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General Information

Under Alabama law, a local school board may adopt a policy allowing students to be excused to participate in Released Time, provided that certain requirements are met. In addition, any Released Time program would also need to ensure compliance with the guidepost for Released Time programs provided by the U.S. Supreme Court in McCollum v. Board of Education, 333 U.S. 203 (1948) and Zorach v. Clauson, 343 U.S. 306 (1952). These guideposts include:
1) The school cannot fund the Released Time program, other than de minimis administrative costs (such as the costs of a school board approving a local Released Time policy).
2) Released Time programs cannot take place on school premises; and
3) Student participation in Released Time programs must be voluntary. There cannot be any coercion, encouragement, or discouragement on the part of any school official.

However, these three points are not exclusive. One should conduct thorough research on the latest state and federal laws and court decisions to determine if there are any updated guidelines for a Released Time program to follow.

Additionally, in grades where credit is earned, schools can award academic credits for participation in a Released Time program provided that the programs meet certain requirements.

Keep in mind that school officials are not required to approve a program. However, with community support, a carefully researched approach, and a proposal consistent with state law, you should expect success in gaining approval for the program.

Statutes

Ala. Code § 16-28-3
Alabama’s compulsory attendance law requires that children, ages 6-17, “attend a public school, private school, church school, or be instructed by a competent private tutor…”

In 2019, Alabama enacted a law that authorizes school boards to adopt a Released Time policy and to award academic credit for participation in Released Time:
(a) As used in this section, the term released time means a period of time during the school day when a student is allowed to participate in an elective course in religious instruction, conducted off school district property, by a private entity.
(b) The State Board of Education shall adopt and each local board of education may implement a policy for a student to attend released time as an elective course if all of the following are satisfied:
(1) The parent or guardian of the student gives written consent.
(2) The sponsoring entity maintains attendance records and makes them available to the public school the student attends.
(3) The sponsoring entity makes provisions for and assumes liability for the student who is excused for released time.
(4) No public funds are expended other than de minimis administrative costs.
(5) No public school personnel are involved in providing the religious instruction.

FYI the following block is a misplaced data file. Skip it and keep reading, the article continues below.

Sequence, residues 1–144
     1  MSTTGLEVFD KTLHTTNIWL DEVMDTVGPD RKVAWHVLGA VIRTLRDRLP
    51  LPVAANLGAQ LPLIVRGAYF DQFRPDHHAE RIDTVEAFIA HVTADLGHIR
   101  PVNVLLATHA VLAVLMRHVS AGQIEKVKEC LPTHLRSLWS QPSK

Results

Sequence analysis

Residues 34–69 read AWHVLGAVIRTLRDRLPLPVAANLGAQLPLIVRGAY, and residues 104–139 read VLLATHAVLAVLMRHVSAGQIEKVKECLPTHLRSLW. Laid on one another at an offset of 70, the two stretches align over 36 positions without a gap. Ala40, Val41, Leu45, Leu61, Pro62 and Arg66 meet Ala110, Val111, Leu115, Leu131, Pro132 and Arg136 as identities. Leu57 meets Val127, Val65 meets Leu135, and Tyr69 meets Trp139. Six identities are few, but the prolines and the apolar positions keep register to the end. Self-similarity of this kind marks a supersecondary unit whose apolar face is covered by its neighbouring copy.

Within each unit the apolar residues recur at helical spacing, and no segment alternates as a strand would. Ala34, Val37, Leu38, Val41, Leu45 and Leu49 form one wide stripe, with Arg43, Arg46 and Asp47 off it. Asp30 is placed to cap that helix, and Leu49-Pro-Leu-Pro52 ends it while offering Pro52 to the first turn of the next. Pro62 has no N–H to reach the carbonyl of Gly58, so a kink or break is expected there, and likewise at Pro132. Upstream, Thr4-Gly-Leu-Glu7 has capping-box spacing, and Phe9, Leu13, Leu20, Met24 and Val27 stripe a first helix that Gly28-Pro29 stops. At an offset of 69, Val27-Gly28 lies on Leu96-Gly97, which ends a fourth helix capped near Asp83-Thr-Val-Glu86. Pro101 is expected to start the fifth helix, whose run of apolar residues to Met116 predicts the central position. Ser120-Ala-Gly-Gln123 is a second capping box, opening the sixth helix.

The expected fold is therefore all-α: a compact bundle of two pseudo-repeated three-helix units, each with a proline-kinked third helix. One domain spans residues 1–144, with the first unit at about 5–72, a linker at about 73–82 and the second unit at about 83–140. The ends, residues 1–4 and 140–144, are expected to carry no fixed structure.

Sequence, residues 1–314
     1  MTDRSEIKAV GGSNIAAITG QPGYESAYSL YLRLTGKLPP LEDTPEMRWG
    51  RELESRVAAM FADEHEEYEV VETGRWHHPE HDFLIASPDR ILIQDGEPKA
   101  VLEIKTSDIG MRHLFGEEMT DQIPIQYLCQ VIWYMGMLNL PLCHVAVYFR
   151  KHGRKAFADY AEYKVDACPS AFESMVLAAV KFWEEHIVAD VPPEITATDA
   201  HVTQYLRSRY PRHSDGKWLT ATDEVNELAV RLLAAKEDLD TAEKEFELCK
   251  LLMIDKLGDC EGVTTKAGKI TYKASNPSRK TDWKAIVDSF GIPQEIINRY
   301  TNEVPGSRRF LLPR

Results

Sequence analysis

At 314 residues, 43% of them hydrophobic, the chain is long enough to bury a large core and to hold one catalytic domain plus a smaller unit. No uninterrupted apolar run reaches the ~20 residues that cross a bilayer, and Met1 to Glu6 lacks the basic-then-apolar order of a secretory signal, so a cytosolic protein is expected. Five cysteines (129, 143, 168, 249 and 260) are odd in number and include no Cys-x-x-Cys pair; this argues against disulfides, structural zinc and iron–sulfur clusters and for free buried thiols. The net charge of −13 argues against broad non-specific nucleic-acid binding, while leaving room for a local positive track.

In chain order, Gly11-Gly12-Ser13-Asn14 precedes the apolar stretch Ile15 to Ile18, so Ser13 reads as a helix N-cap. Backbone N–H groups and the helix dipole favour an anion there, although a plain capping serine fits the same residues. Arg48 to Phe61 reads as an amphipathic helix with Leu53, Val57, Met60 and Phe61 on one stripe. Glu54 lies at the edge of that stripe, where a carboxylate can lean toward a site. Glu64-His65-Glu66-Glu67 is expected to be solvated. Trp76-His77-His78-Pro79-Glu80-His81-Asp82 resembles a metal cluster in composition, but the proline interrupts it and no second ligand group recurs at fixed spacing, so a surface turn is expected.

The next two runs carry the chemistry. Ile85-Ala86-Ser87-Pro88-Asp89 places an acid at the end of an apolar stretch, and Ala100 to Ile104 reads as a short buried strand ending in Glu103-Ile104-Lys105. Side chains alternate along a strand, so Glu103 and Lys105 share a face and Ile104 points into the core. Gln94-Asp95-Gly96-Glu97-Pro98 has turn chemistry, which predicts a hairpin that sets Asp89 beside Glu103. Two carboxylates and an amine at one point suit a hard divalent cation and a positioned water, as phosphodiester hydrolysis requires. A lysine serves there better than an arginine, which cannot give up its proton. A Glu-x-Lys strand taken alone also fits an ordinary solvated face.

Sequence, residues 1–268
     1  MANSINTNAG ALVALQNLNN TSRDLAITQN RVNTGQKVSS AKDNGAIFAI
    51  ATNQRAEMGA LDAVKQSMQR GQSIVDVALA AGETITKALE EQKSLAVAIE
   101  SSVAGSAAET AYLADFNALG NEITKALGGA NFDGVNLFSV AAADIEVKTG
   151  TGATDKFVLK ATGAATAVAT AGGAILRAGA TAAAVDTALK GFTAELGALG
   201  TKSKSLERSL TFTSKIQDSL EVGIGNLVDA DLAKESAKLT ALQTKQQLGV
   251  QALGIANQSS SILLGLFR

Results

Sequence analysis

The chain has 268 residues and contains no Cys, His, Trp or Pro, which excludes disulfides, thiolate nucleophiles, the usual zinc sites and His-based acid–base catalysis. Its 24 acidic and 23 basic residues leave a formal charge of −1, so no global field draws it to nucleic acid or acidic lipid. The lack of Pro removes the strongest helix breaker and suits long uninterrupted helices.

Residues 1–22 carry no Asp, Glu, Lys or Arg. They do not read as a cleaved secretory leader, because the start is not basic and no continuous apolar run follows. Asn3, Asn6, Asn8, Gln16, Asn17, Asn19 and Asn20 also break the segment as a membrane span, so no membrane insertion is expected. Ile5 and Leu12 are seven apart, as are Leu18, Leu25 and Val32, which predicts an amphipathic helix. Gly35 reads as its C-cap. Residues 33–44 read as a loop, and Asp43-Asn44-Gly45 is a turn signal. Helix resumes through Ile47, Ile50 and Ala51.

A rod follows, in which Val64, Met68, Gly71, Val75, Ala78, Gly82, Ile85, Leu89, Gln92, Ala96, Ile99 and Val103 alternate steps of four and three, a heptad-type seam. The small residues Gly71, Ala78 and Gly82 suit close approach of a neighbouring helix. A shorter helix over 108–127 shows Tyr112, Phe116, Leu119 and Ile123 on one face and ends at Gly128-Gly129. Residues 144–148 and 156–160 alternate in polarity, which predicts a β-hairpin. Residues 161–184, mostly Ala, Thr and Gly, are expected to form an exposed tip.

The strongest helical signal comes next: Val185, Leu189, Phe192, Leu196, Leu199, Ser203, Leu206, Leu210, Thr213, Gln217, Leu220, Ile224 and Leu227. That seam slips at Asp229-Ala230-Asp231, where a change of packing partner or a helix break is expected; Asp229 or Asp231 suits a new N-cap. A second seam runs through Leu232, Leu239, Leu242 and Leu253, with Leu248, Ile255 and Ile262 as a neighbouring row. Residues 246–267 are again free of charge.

(c) In grades where credit is earned, a student who participates in released time shall may earn elective course credit for participation, as provided by rules adopted by the State Board of Education for elective courses. Credit awarded may not exceed normal credit given for an elective course in the particular school system. The State Board of Education shall also adopt minimum standards for class attendance necessary to qualify for credit.
(d) A student who participates in religious instruction for elective credit during released time shall be credited with time spent as if the student attended school, and the time shall be calculated as part of the actual school day.
(e) Transportation to and from the place of released time, including transportation for any student with disabilities, is the complete responsibility of the sponsoring private entity, parent, guardian, or student and may not be arranged, coordinated, or provided for by public school personnel.
(f) No student may be released from a required core curriculum class to attend released time.

Regulations

None

Attorney General Opinions

None

Case Law

Jaffree v. Wallace, 705 F.2d 1526 (11th Cir. 1983)
In 1983, the 11th Circuit decided Jaffree v. Wallace, a case on school prayer. In that case, the court discussed Zorach v. Clauson (the U.S. Supreme Court case upholding constitutionality of released-time programs) as a case in which “religious instruction off school grounds implemented by [a] New York school board [was] held constitutional.” Id. at 1535.

Benning v. Georgia, 391 F.3d 1299 (11th Cir. 2004)
Similarly, in Benning v. Georgia, the 11th Circuit cited Zorach as the case in which the U.S. Supreme Court held that “Public schools may establish programs providing release time for the religious instruction of students.” Id. at 1310. While both of these cases dealt with constitutional issues unrelated to released-time programs, the court’s references to the Zorach case in these ways implies that this circuit still recognizes Zorach’s upholding of released-time programs as constitutionally valid.

*The rulings of the 11th Circuit Court of Appeals are binding precedent in Alabama, Florida, and Georgia.